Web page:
By Raffi Yousefian | Published 03/26/2020; Updated 06/03/2020 12:04:03 PM

There’s no feeling like waking up in the early morning and learning that the biggest tax code overhaul (aka Tax Cuts and Jobs Act of 2017, or “TCJA”) since 1986 that you think you just mastered, is once again about to be reconstructed. This time with a one week notice. The Coronavirus Aid, Relief and Economic Security (“CARES”) Act was signed into law on Friday March 27th, 2020. We’ve summarized the key provisions of this legislation below so you can understand, at a very high level, the stimulus and relief options that will be available for your business during this crazy time. If you have any questions or need help navigating this legislation then please feel free to reach out

We will update this post as we learn more about the legislation. 

Paycheck Protection Program (PPP) Loans

This is by far the most favorable piece of small business relief legislation in our opinion, and it deserves its own post.

Existing SBA Loans

Small Business Debt Relief Program

Under this program, the SBA will cover all loan payments including principal, interest, and fees for 6 months on existing non-disaster SBA loans. This includes current 7(a) not made under the PPP, 504, and microloans. 

Other Loan Modifications 

The CARES Act will modify existing SBA loan requirements with the following: 

  • The maximum loan amount for an SBA express loan will increase from $350k to $1 million through December 31, 2020. 
  • Expansion of SBA economic disaster loans (apply here) for the following:
    • Sole proprietors will qualify
    • If you are a private non-profit with an effective ruling letter from the IRS, granting tax exemption under sections 501(c), (d), or (e) of the Internal Revenue Code of 1954, or if you can provide satisfactory evidence from the State that the non-revenue producing organization or entity is a non-profit one organized or doing business under State law. However, a recipient that is principally engaged in teaching, instructing, counseling, or indoctrinating religion or religious beliefs, whether in a religious or secular setting, or primarily engaged in political or lobbying activities is not eligible to receive an EIDL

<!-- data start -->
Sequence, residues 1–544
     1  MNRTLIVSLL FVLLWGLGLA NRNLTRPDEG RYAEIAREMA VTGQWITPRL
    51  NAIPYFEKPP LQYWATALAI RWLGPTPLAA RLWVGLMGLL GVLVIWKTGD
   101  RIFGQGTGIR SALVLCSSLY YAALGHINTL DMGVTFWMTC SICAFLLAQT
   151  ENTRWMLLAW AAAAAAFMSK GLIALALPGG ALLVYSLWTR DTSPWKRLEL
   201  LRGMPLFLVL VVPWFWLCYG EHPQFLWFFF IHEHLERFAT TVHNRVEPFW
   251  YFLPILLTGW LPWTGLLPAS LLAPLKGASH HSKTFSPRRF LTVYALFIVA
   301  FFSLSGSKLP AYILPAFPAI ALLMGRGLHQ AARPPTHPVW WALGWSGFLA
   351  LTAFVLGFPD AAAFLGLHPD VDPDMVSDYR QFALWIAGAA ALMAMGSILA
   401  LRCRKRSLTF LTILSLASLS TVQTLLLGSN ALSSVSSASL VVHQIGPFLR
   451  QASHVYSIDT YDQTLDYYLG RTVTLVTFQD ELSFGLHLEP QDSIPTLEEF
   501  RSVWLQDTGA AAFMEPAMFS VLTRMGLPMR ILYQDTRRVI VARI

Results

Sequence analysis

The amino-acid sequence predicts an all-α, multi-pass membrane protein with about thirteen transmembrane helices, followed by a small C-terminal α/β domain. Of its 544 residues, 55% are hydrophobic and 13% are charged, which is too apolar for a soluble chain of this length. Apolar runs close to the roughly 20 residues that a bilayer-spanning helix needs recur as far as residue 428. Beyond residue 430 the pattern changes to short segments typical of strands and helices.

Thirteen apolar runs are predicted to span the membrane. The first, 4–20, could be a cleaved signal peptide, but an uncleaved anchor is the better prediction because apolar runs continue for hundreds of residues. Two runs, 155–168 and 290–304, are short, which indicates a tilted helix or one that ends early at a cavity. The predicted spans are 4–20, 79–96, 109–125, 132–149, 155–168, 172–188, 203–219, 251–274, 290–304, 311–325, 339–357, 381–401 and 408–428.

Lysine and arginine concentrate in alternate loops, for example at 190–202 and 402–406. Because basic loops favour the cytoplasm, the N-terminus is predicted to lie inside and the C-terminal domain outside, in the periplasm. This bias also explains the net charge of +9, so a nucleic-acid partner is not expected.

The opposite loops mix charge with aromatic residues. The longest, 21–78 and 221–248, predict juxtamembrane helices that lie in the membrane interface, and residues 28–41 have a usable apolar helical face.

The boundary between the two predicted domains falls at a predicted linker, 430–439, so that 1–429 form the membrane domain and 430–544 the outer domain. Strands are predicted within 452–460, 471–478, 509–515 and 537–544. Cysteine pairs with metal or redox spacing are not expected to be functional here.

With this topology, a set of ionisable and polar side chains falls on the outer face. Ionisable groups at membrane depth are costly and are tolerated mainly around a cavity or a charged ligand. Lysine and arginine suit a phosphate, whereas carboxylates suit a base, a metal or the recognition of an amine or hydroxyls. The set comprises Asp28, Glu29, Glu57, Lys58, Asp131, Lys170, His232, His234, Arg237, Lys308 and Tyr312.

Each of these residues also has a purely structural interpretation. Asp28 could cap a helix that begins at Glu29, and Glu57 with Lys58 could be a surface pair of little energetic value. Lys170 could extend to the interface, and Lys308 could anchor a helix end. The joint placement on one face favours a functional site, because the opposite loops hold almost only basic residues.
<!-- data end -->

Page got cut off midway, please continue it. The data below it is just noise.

• No personal guarantee on loans below $200k required through December 31, 2020
    • Businesses which have applied for disaster loans can receive an immediate advanced Emergency Grant of $10k, even if the disaster loan was denied. If the disaster loan is denied and the business receives a Payroll Protection loan, then the $10k advance will be reduced from the amount of payroll protection debt forgiven. The advance does not need to be repaid under any circumstance, and may be used to keep employees on payroll, to pay for sick leave, meet increased production costs due to supply chain disruptions, or pay business obligations, including debts, rent and mortgage payments. The $10k advance is further limited to $1k per employee on payroll at the time which the advance is awarded. 

Unemployment Benefits for Employees

The CARES act offers two additional types of unemployment – Pandemic Unemployment Assistance (PUA), and Federal Pandemic Unemployment Compensation (FPUC). The PUA guarantees $600 to those who are not eligible to receive state unemployment benefits for up to 39 weeks. The FPUC provides an additional $600 a week in addition to state benefits for up to 13 weeks. The Department of Labor has specifically clarified that if an employee was furloughed, but their employer has reopened and asked them to return to work, then they cannot collect the additional $600. States are being pushed to waive any waiting period for receiving benefits. Details on this program can be accessed here

2020 Recovery Rebate for Individuals